So when you practice "gratitude", it will help you to anchor on the joys that you currently have. Even you are in social distancing, you know, in, in the situation that we cannot go out every day or every week. "Gratitude" help you to find joys right now, even in the, in the valley baton right now. In--and instead 10:00of focusing on the people who die, you can focus on you and your, your immediate families still alive, and focusing on the thing you still have--phone, connection... Zoom! Wonderful tool! Right? So that, it brings up the joys in your daily life. And "respect" is like you respect yourself, respect other, but you also respect yourself by doing the right thing for your body. Because your immune system needs to be protected these days, right? But if you are occupied by anxiety, you occupied by stress, it will lower the immune system. By practicing "respect" to yourself, you would need to do some actions focusing on 11:00self care. How do you, you know, make sure that you good. And "accountability" is to take ownership of your life. So, you feel like you are victim like, you know, COVID-19 happen, you know, you cannot do much about it. However, you can still do a lot of things like, you know, stay focused, like practice gratitude, take good care of yourself, you know, and do whatever that the, you know, that the government says, okay, wear masks, we wear masks, okay, wash hand, you know, those are the things that we can focus on because those are still the thing we can do. So accountability is not just accountable for what your actions are, but also accountable for the respond to the thing, unexpected thing that happened to your life, that you have no control over. In this case, the pandemic is one good example. Right? But that kind of ownership is hard. So you need the fourth value 12:00which is "courage". You need to take a lot of courage to do the things that you're not comfortable to do, but you need to do and then engagement is it show that, even you're staying home within social distancing, connecting with the people within, you know, your close circle and in their family as well, connecting to phone or other tools to very important.

So the whole class is teaching about values and habits you need to build, to really build the muscle around G.R.A.C.E. And I enjoy teaching that. So today is our first class with about 40 students from Vietnam. I taught the classes, I'm teaching the class in Vietnamese, but I also have a talk show--a weekly talk show, sharing about those values on the local radio and also television. So, I 13:00have been running like crazy. But it's good. It's all the message of how do you stay calm, right? And grounded in this time of pandemic.

AS: Yeah, this is wonderful. Thank you. And just to touch on how, for some of the people that probably are experiencing anxiety and they channel out through a negative way by targeting the Asian Americans through xenophobia or anti-Asian... [AN: Hate-crimes, right?] yeah, hate-crimes, we saw so much of that. And what is your perspective on that and how we can heal this group of people?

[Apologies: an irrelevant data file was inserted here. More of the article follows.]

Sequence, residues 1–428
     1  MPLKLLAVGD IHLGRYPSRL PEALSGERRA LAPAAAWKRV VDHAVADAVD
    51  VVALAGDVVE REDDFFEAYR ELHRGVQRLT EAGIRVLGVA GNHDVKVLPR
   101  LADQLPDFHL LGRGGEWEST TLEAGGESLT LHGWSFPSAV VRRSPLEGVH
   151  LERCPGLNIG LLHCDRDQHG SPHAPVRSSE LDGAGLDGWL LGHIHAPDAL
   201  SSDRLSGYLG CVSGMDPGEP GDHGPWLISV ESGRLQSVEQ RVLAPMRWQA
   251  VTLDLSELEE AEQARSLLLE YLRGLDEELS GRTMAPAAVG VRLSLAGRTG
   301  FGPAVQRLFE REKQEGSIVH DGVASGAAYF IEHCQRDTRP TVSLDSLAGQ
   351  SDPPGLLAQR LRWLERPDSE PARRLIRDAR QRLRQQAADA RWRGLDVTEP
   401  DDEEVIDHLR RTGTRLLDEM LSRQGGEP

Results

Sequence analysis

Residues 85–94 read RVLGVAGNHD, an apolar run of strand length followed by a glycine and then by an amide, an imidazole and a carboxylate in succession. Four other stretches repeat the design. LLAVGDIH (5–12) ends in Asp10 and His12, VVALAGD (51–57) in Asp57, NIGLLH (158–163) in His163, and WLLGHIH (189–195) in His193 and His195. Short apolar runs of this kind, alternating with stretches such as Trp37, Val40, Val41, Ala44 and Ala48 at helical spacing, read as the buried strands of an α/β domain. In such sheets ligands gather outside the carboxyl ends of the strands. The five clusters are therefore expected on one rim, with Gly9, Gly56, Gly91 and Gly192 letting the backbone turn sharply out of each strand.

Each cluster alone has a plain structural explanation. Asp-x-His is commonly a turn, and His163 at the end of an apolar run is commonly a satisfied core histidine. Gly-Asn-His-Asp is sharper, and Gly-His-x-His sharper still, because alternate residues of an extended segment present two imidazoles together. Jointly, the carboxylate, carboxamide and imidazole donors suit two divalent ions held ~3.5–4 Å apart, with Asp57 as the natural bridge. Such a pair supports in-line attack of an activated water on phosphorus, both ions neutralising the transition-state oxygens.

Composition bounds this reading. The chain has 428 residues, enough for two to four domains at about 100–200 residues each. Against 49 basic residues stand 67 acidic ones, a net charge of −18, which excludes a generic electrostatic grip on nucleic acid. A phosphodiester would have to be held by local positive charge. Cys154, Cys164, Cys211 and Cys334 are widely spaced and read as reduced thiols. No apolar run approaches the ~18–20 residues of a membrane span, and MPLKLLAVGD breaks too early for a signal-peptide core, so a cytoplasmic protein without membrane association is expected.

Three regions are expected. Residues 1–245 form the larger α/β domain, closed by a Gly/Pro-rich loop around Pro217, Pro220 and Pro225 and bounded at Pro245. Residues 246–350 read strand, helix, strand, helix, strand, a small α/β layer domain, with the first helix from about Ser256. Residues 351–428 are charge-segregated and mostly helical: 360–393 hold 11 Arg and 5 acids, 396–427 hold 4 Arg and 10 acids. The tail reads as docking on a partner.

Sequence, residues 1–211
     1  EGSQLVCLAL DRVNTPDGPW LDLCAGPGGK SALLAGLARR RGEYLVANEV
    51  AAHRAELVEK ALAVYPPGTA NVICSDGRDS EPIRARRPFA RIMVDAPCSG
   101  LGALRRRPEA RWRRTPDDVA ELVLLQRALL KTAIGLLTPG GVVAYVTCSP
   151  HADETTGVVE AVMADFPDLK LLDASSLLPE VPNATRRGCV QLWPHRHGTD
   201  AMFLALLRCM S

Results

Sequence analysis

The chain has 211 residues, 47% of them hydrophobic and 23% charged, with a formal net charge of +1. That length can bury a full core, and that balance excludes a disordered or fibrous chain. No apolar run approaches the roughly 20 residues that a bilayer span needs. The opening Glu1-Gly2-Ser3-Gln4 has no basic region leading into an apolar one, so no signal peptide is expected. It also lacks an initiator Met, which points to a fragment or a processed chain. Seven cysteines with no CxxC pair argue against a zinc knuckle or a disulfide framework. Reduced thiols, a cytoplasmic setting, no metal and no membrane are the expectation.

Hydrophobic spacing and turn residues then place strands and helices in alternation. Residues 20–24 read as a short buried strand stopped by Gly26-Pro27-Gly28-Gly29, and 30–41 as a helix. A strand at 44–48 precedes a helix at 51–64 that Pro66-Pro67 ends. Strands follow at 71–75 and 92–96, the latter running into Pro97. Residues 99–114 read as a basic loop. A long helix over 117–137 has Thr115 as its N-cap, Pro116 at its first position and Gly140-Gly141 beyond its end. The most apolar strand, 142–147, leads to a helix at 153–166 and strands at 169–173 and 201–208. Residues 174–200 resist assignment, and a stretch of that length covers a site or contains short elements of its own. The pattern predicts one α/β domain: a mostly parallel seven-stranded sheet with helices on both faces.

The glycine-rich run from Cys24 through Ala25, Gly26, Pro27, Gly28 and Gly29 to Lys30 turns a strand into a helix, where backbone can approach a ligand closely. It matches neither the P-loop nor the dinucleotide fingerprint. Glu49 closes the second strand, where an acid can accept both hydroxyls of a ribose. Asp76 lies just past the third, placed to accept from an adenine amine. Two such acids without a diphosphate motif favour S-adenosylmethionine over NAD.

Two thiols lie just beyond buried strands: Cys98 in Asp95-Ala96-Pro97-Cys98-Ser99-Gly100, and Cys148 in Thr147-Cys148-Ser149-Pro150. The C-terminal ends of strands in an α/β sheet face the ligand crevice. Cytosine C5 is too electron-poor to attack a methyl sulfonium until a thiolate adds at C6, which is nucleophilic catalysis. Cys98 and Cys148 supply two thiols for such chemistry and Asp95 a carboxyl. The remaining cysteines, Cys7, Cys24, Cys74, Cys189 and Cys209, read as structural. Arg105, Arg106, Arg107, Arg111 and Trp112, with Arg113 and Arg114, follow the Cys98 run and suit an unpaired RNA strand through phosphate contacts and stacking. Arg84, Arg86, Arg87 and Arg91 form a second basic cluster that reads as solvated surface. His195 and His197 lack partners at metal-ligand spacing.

AN: I feel sorry for those people. I can understand where they coming from all the people become so rude and because of the fear, you know. Our world is full of fear. And when people are full of fear, that is their reaction. You know. So 14:00from their perspective, I could see and I don't believe that is the norm of America. America is not like that. America is the, you know, as a whole we always value diversity. We... and that's the reason why I became a bold person and I go here because here, it's freedom, justice for all regardless of the skin color, culture, age or background, cultural background, we are all in this together.

And I think in Houston during the--we have encountered disaster before and this is not the first time. So when because we have hurricane all the time. And the Harvey flood is so beautiful. It's so beautiful seeing the whole community regardless of the skin color, you know, it's, it's not that. So when I saw now-- not many incident in Houston by the way. Like Houston has some but not as in 15:00California, because I have lots of friends in California that they experienced this kind of discrimination in what I call it hate-crime. Right. But for Houston, I think the majority the people are very friendly and they truly kind of melting pot, like we live together. And I have seen so many beautiful scenes of people, white people, black people rescue the, the Asian people, and vice versa. We, we don't see that the difference in the skin color or the culture as a barriers. But once in a while, I heard some incident; and I think all of those incident when people yell at you, they demonstrated the weak--their weakness, not us. Their weakness. Because they fear, they are living in fears. And when you're living in fear and anxiety, you tend to act, you know, based on the 16:00instinct and that instinct has no rational.